A woman who refused to marry her childhood sweetheart after her hair pulling addiction left her bald has finally said "I do" with long locks.
Ruth Sweet, 25, from Leicestershire in the UK, was diagnosed with Trichotillomania when she was 14 - a condition where people feel an irresistible urge to pull their hair - after the trauma of seeing her parents get divorced.
But after spending over $4,000 on pioneering treatment to help her hair regrow, Ruth was finally able to marry Josh Sweet, 26, with the locks of her dreams. with Josh Sweet, 26.
The healthcare assistant said: "I felt like a new woman when I looked in the mirror on our wedding day, it was the best day of my life.
"I had no confidence at all without my hair and I wanted to be able to look back at the photos and feel like me.
"I started pulling when I was 14, my parents got divorced and I found it hard to process, I felt relief every time I yanked another strand of hair out.
"I would spend hours searching for the right hair to pull and while I was pulling I felt safe, like I had a security blanket around me.
"I just couldn't stop and before I knew it there were huge bald patches, women have about 150,000 hairs on their head and I think over the years I've pulled every single one out."
For more than a decade Ruth had little confidence, but she learned to hide her secret by dressing up her hair with clever styles to hide bald patches, and wearing hairbands.
And her groom only found out two years ago, despite the duo being together for five years.
"I've known Josh since my diagnosis but he didn't know until around two and a half years ago that I was actually pulling my own hair out as I concealed it so well," Ruth recalled.
"If he ever noticed any bald patches I told him my hair was falling out on its own, and hid that I was pulling it out myself."
Other member's of Ruth's family have been diagnosed with much milder versions of trichotillomania and while their urge to pull eventually went away, Ruth's only got worse.
Ruth said: "When I didn't feel in control of a situation or my emotions yanking at my hair helped.
"It was tough growing up with bald patches but I used headbands a lot and would tie my hair up to hide it.
"I felt too ashamed to be open about what I was doing and I hid it from everyone at school and university.
"But I did get caught out a few times, the worst was when a patient at my old job pulled my wig in front of all my colleagues who didn't know, I was mortified."
In the end, it was Josh who persuaded Ruth to finally stop pulling her hair out.
"He told me I was beautiful with or without hair so I made the decision to shave it off completely to stop me pulling," she said.
But she was now faced with the problem of how she was going to regain her hair.
After visiting her doctor on numerous occasions, Ruth was turned down for NHS funding to help combat the condition.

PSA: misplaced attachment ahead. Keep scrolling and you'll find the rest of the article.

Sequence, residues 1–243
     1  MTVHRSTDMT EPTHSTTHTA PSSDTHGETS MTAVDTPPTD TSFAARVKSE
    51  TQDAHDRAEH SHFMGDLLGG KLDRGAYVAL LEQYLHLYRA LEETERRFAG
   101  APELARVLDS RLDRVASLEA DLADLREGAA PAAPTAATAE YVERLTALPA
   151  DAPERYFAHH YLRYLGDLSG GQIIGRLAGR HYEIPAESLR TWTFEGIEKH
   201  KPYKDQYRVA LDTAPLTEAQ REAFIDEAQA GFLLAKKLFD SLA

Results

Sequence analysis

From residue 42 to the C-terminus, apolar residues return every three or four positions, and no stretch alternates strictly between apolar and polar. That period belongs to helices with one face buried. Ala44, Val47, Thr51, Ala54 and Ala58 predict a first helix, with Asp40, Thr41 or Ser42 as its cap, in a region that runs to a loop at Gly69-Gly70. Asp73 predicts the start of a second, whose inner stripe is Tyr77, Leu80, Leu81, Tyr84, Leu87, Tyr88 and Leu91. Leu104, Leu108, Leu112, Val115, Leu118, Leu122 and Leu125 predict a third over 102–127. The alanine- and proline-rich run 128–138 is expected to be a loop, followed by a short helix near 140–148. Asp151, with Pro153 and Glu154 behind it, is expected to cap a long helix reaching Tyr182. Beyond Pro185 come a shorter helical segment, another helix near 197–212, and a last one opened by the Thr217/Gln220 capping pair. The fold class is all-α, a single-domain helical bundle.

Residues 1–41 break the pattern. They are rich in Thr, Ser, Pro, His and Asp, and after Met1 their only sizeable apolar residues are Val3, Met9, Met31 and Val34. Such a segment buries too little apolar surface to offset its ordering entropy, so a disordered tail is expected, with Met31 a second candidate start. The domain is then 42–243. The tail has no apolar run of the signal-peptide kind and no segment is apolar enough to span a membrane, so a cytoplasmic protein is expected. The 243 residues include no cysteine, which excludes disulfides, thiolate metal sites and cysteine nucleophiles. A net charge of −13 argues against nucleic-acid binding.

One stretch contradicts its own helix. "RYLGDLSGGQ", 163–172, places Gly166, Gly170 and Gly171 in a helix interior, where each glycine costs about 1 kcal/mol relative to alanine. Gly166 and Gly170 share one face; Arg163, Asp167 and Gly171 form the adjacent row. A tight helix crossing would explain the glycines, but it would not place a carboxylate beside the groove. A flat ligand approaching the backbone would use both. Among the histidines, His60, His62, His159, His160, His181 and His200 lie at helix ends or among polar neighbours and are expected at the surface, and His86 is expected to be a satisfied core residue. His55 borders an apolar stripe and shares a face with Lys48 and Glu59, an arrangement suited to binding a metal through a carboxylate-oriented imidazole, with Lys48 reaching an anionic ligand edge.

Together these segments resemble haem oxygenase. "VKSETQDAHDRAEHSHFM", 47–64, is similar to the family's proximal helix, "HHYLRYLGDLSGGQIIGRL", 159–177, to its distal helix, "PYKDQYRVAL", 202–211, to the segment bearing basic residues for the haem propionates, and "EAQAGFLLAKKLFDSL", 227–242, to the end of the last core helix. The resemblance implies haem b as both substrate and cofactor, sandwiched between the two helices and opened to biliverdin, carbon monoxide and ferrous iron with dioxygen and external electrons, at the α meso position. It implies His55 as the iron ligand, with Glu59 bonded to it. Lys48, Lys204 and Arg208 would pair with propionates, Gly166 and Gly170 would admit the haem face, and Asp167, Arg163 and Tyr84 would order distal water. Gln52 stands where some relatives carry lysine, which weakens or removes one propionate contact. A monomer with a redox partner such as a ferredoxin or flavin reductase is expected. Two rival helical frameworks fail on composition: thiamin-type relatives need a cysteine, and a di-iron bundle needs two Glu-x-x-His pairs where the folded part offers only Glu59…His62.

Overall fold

But determined to get help in a bid to marry Josh, Ruth went private and saw a specialist and has now spent over $4,000 in a bid to help her hair grow.
Ruth was fitted with an Intralace system last summer.
The contraption is constructed from a breathable mesh and contains human hair which is integrated into the existing hair.
Her own hair is able to grow underneath the mesh as it prevents her from pulling out strands.
She added: "The Intralace system has been worth every single penny, I can't recommend it enough.
"I tried initially to get funding through the NHS but it's like a postcode lottery and despite my doctors and specialists supporting me I was rejected.
"The initial cost was £1,500 but I have to go back for follow ups a couple of times a year.
She couldn't be happier with the results and is now raising awareness during International No Pulling Week to help others who may not realise they're suffering from the condition.
"Before this though I would not eat or stop until I had pulled the right hair, it had to be thick and frizzy and have a big root on the end," she said.
"I would pull multiple hairs at a time and cause my scalp to bleed, which I would then pick at to keep the scab going, but now the mesh prevents me from pulling."
Lucina Ellery, a leading hair loss specialist said: "Trichotillomania is an impulse control disorder that's considered to be genetically predisposed.
"It is an irresistible urge to pull out your hair and the aim is to calm you down, there will be evidence of hair loss from repeatedly pulling.
"People often start with eyelashes and eyebrows and then migrate to the head, the favourite pulling areas are the crown and behind the ears.
"The Intralace System is a wonderful tool for those who don't want their condition to be visibly exposed as it gives you additional hair to make up for the missing hair and a hair dressing facility in an environment where Trichotillomania is understood.
"There is no known cure for Trichotillomania but the Intralace has been found to be helpful on many levels.